Time Mag Touts 'the Clinton Way': They 'Play By Their Own Rules'

March 22nd, 2015 4:02 PM

Writing for the March 23 Time magazine, writer David Von Drehle delivered a 2400 word essay on just how the Clintons seem to perpetually survive scandal after scandal. He began by declaring, "The Clintons play by their own set of rules" and went on to describe why Hillary Clinton might beat the e-mail controversy. 

Von Drehle opined, "But if awkward press conferences could bring down a Clinton, the political supercouple might never have left Little Rock." He added: 

As a rule, these would be dire, perhaps fatal, markers of a campaign crashing on takeoff. But in this case the politician was Hillary Clinton, whose carefully laid plans to unveil her latest presidential bid hit turbulence on March 10 as she fumbled her way through an awkward press conference in a corridor at the U.N. At issue: Clinton’s decision to ignore White House guidance as Secretary of State and instead conduct government business through a private email account hosted on her family’s personal server.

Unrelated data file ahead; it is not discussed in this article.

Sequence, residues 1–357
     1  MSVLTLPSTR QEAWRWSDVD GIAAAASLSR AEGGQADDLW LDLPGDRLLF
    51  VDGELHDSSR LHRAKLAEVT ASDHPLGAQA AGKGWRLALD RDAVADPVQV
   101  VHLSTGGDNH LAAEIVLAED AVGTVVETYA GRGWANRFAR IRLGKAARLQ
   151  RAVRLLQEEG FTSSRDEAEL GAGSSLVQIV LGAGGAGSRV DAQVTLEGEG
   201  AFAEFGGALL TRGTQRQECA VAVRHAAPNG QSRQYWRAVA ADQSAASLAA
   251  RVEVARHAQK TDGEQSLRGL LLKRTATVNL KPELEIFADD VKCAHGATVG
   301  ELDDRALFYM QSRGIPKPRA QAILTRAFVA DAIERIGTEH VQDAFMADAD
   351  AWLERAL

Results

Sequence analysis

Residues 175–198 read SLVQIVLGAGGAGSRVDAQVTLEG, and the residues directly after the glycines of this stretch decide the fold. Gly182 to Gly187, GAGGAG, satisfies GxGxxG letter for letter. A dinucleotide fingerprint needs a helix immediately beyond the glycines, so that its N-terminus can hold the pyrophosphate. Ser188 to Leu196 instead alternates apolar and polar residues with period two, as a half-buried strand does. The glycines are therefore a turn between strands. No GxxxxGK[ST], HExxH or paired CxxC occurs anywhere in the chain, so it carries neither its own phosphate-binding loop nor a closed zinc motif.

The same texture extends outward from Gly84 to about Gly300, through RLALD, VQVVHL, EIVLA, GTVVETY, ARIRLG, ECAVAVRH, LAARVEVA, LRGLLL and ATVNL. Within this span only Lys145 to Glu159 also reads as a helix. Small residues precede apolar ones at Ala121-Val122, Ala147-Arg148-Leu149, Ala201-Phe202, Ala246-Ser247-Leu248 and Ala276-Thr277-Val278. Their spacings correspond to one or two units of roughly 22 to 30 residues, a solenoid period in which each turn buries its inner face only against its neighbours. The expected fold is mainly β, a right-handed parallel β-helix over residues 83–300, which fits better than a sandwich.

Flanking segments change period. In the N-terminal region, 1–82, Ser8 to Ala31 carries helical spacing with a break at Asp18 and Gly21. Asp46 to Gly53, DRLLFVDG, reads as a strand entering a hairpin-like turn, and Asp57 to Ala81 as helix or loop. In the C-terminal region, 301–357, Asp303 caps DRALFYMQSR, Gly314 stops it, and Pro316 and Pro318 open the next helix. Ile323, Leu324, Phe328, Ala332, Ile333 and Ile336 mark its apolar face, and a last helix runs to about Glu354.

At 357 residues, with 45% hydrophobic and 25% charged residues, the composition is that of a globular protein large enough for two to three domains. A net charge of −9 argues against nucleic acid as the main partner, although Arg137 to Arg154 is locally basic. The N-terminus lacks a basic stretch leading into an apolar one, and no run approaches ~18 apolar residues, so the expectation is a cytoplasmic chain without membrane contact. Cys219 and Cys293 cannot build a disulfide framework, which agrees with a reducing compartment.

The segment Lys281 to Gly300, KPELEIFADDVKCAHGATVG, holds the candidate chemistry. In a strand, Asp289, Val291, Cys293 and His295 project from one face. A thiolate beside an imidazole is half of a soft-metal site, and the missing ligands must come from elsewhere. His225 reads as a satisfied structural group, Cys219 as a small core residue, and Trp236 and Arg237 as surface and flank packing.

Von Drehle highlighted some of the Clintons's past problems, but hopefully wondered: 

"What doesn’t kill Team Clinton only makes it stronger. Will that be the lesson again? Hillary Clinton has a vast lead over any potential challenger for the Democratic nomination, and 86% of Democrats are ready to support her, according to a recent NBC/Wall Street Journal poll. Though her poor handling of the email issue has left party insiders unsure whether she learned anything from her slow-footed and wooden 2008 campaign, insiders don’t control elections. Voters do.

He also rationalized: 

Likewise, it’s news to no one at all that winning public office costs far more money than the job will ever pay in salary. Because the Clintons did not have wealth of their own to fund their ambitions, they had to become adept at coaxing it from others. Indeed, they may be the most adept in American history, having coaxed billions of dollars from a multitude of donors–which requires a degree of flexibility in one’s choice of benefactors. As the saying goes: Beggars can’t be choosers.